FERC Proposes Blanket Waiver of Tariff Requirements for Generators with Interconnection Facilities Potentially Subject to Open Access Transmission Requirements
The Federal Energy Regulatory Commission (“FERC” or the “Commission”), through a recent Notice of Proposed Rulemaking (“NOPR”),
Current Regulatory Environment
In the NOPR, the Commission argues that current compliance requirements for such entities, specifically, FERC’s Open Access Transmission Tariff (“OATT”) requirements (18 C.F.R. § 35.28 (2013)), Open Access Same-Time Information System (“OASIS”) requirements (18 C.F.R. § 37 (2013)), and the Standards of Conduct (“SOC”) requirements (18 C.F.R. § 358 (2013)) impose risks and uncertainty on the owners of the ICIFs but “[are] not necessary to prevent unjust or unreasonable rates or unduly discriminatory behavior…”,
Such proposals likely will be welcomed by generators, especially those not affiliated with an otherwise FERC-regulated public utility that is already subject to the Commission’s OATT and OASIS requirements. The ability to use excess ICIF capacity is especially important to generators, who have paid for and often built the ICIF and thus would reasonably expect to be able to use any excess capacity in later years.
Questions Posed in the NOPR
In the NOPR, the Commission seeks comment on this proposal, specifically soliciting comments on:
Under what circumstances and through what procedures the blanket waiver should be revoked for a particular ICIF owner that no longer qualifies;
Whether it is appropriate to limit the waiver solely to those ICIF owners that both own the ICIF and make the power sales from the interconnected generator;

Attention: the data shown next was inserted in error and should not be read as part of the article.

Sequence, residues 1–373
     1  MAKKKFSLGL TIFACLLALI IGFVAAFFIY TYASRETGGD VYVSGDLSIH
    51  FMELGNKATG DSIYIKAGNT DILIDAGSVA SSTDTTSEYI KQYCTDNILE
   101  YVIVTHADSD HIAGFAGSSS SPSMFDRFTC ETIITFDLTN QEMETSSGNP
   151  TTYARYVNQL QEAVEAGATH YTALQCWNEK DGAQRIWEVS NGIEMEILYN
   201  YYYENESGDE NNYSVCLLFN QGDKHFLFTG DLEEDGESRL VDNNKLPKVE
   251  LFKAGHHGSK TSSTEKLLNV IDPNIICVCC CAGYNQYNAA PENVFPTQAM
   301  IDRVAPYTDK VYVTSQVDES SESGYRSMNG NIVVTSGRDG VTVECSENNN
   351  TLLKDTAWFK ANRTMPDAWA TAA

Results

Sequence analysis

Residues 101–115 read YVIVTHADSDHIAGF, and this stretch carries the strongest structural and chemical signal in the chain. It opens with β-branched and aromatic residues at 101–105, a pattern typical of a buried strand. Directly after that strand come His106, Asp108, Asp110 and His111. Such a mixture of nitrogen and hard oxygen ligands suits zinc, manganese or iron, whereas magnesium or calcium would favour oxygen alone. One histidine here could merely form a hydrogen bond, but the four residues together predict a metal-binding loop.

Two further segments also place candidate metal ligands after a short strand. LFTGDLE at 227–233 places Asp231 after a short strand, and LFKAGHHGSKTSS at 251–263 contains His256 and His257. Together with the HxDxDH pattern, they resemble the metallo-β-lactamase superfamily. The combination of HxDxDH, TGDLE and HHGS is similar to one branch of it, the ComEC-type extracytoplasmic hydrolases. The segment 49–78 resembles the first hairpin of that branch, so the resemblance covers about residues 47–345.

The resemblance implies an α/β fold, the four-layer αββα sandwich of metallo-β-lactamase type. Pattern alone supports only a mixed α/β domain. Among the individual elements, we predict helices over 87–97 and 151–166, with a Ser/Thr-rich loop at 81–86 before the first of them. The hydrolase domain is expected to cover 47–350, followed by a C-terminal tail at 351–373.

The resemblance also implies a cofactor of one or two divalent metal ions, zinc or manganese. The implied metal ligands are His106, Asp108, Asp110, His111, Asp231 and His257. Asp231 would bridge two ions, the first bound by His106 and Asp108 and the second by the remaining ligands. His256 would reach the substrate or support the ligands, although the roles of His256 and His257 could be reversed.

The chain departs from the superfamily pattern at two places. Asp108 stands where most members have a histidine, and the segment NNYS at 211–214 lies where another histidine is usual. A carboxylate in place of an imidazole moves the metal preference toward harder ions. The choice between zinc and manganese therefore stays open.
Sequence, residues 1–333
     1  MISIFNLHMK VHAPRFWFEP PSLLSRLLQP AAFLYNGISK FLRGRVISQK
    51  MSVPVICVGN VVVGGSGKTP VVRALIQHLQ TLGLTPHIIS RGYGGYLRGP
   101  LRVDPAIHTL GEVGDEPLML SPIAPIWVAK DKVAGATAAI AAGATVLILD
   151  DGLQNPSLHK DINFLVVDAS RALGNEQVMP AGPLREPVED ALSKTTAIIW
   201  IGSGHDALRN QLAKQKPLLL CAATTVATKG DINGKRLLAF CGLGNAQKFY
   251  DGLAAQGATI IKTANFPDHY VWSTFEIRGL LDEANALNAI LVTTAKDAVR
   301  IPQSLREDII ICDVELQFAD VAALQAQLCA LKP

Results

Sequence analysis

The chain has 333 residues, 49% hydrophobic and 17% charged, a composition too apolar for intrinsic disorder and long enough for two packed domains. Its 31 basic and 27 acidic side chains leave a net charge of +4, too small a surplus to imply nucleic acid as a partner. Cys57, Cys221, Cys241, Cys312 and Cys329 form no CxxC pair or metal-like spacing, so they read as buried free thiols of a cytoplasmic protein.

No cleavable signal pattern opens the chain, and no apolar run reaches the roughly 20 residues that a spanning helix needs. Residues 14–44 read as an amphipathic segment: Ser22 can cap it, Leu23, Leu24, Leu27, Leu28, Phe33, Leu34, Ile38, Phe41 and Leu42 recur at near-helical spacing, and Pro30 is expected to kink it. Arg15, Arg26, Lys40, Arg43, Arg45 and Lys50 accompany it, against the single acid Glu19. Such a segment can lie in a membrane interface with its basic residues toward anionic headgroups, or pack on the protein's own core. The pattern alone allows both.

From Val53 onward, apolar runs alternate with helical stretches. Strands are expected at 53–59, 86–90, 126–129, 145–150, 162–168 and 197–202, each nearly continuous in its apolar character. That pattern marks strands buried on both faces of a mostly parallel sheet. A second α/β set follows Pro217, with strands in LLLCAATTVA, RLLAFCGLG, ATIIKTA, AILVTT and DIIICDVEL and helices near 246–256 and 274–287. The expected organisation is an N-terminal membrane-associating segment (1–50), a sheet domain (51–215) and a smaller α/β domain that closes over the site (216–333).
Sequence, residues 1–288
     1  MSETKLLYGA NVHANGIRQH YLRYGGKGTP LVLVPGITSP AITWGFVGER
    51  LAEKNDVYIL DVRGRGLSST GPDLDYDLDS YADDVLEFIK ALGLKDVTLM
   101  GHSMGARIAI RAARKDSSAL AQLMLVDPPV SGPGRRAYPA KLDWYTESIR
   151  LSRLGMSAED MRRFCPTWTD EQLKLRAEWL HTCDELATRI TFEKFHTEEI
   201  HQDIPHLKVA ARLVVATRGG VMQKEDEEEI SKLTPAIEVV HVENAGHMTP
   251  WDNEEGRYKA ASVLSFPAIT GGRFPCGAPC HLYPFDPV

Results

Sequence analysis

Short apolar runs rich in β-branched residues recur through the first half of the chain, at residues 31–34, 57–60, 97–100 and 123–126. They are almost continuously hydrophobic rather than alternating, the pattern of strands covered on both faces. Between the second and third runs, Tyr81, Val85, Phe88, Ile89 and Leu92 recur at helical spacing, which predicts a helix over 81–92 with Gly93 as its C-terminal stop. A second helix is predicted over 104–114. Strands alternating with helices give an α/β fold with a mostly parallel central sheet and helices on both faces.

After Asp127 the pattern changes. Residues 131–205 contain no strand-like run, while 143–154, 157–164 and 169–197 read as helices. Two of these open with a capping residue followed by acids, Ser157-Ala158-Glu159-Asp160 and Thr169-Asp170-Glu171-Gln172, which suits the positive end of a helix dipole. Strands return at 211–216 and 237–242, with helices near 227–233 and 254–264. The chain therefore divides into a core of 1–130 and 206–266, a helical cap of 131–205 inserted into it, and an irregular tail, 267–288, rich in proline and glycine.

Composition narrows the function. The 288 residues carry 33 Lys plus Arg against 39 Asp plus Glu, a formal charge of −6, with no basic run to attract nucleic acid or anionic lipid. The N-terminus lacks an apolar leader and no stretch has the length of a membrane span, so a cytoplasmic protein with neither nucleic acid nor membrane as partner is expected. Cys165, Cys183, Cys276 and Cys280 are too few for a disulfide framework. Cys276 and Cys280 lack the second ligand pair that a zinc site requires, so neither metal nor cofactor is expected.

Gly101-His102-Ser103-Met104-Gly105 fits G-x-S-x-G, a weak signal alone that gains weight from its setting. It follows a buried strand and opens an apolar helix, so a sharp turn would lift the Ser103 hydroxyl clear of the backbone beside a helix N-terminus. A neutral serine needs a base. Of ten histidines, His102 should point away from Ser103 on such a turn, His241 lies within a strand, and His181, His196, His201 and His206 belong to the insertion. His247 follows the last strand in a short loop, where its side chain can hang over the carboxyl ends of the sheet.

Whether the safe harbor period is appropriate, including whether ICIF owners seeking to take advantage of the safe harbor period should be required to make an informational filing with the Commission noting the energization date of the ICIF, providing sufficient detail to identify the ICIF and identifying the ICIF owner; and
Whether it is appropriate to include affiliates of public utility transmission providers in the class of ICIF owners eligible for the blanket waiver.
The reforms described in the NOPR are most directly relevant to interconnection customers with interconnection facilities potentially subject to third party transmission service requests. However, stakeholders other than generation owners should consider the impact these reforms could have on their interests. Particularly, the NOPR appears focused on the interaction between an ICIF owner and another generation owner that may wish to use to ICIF to interconnect generation. The NOPR does not apparently contemplate circumstances for potential third party use of ICIF for interconnection of load. If the NOPR has not sufficiently addressed special concerns of load interconnecting to generator tie lines, commenters will likely seek to address this in comments.
ICIF owners that own transmission facilities in interstate commerce, even if those facilities consist solely of the facilities necessary to interconnect their generating facility to the transmission system, are public utilities for the purposes of the Federal Power Act. As such, these entities are required to file an OATT, which as FERC notes, is often an onerous requirement for entities that do not see themselves in the business of providing transmission service. Further, given the nature of these transmission facilities, which tend to be radial lines simply connecting a generator or series of generators to the transmissions system, there is rarely even a desire on the part of third parties, let alone a compelling need, for third party interconnection in order to ensure just and reasonable and not unduly discriminatory access to the transmission system. Although today an ICIF owner can request, and will typically obtain, waivers of requirements related to filing an OATT, the entity automatically loses its waiver if a third party requests interconnection service. ICIF owners also face regulatory hurdles when they file at FERC to secure priority interest of the interconnection facility’s capacity.